The Boy professes to hate school. In a remarkable paradox,he also wants to be the first person to set foot inside the building as soon as the doors are open to students. If he can slip in any earlier, so much the better. The motivation baffles. This morning he was sent to shower in hopes of killing off a few more minutes before the inevitable impatience and potential countdown until time to leave kicked in to drive everyone else in the household to the brink of sanity. (I remember wondering how the Autism unit teachers kept themselves from looniness after observing a whole room of AU boys counting down to lunch, a field trip, and the assorted other markers of time that divided their days. It is reassuring to know that other AU kids have this irritating habit, and we are not alone in the this off-kilter, structured world.) Bicycle tires needed air which took some more precious minutes off the countdown. He hunted for his phone for a while. Then he tried to be patient, but the pressure was palpable.
Middle Child marked this day of passage with a series of photos. She obliged her mother who wanted a longer series than was reasonable because Mom needed to stop time for a brief moment today. The images that appeared startling when compared to the accustomed images of sweet-faced infant, the inquisitive four-year-old, or the careful pre-adolescent Kate who now inhabit only memory. Kate's photographer snapped away thanks to a fascination with the emerging young woman at the end of the lense. The mother feels the burn of tears and cannot fully understand how this person could be her baby, but the photographer's eye is fascinated by the slowly unfolding bloom of youth taking place with such rapidity that the shutter can hardly keep up.
Thankfully, the moment finally arrived for our two eldest children to strap on their helmets. ("I'm more interested in protecting your brains than in preserving your hairstyle.") A few more photos to mark Evan's final year and Katie's first day of Middle School. Evan was growing increasingly anxious, but we continued to hold him suspended for another moment to reiterate the after-school meeting place for them. With a final reminder to "Come straight home..." (with an unspoken, "... so I will know you are safe, and can hear about the world you are inhabiting away from the staid, safety of our home.), I watched them wheel away even as our youngest child slid seamlessly into her "Look at me!" role asking for her photos to be taken on the front lawn even as I took a final shot of the Eldest disappearing around a curve in the street.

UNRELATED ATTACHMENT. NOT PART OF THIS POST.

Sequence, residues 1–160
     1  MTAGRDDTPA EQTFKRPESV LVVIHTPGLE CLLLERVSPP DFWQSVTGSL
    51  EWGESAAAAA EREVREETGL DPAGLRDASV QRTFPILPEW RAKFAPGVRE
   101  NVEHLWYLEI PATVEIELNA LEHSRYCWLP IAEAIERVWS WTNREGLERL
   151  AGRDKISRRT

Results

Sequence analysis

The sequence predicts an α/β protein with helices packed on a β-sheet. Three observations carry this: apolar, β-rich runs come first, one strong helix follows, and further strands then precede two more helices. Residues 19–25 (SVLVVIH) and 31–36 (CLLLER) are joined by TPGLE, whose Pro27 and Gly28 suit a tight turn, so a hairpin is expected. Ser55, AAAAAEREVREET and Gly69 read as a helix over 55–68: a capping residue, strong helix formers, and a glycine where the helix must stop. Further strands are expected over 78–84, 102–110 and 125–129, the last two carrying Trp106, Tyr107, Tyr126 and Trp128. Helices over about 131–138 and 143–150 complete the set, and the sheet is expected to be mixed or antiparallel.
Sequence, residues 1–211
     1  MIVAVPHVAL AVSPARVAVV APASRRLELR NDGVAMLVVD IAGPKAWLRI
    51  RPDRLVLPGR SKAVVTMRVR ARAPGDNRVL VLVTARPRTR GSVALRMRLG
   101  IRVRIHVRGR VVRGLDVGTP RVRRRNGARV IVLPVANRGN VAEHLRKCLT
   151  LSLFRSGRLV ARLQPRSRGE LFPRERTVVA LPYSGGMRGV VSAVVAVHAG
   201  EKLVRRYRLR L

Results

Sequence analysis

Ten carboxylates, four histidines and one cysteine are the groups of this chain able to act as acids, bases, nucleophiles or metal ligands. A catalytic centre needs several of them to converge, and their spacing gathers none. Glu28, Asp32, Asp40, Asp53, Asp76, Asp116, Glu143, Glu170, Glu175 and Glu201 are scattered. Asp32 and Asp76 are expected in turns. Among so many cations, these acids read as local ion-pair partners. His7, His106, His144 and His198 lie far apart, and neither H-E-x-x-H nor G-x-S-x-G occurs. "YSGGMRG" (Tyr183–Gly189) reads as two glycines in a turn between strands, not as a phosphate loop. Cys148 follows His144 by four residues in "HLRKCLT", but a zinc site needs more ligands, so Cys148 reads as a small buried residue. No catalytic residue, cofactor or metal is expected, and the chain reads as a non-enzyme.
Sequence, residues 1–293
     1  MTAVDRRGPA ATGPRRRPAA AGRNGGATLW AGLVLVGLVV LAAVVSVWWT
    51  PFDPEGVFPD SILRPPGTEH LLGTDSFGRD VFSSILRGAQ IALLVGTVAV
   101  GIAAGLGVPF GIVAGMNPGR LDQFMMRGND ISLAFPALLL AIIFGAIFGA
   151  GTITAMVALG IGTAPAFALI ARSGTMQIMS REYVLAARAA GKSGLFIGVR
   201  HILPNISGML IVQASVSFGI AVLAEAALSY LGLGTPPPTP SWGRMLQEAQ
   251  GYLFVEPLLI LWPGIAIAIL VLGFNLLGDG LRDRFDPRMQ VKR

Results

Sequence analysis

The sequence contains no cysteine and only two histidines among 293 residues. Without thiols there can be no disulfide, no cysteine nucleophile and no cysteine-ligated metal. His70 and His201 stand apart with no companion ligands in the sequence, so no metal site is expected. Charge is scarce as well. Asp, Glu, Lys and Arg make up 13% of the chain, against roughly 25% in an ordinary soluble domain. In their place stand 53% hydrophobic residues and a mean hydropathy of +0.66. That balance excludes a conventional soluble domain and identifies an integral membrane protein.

Erin smiled and pouted for an assortment of obligatory back-to-school shots. She then determined that mosquitoes had hatched courtesy of two weeks worth of rain puddles, and she was done with me. Eventually, she did agree to a few final photos of her on her bike. I suspect she could outride the winged stingers that made still shots so unappealing. Photo-session complete, Don and I hopped on our bikes to ride with Erin for her first-ever solo day of school. She has had Kate in elementary with her every year prior to this one, but a catch formed in my throat this morning as the idea occured that she will never attend school with either sibling again because she will lag just enough behind their world to create her own despite the likelihood of name recognition associated with the earnest, bright , work-a-holic sister, and the mercurial, brilliant, unmotivated brother who proceed her.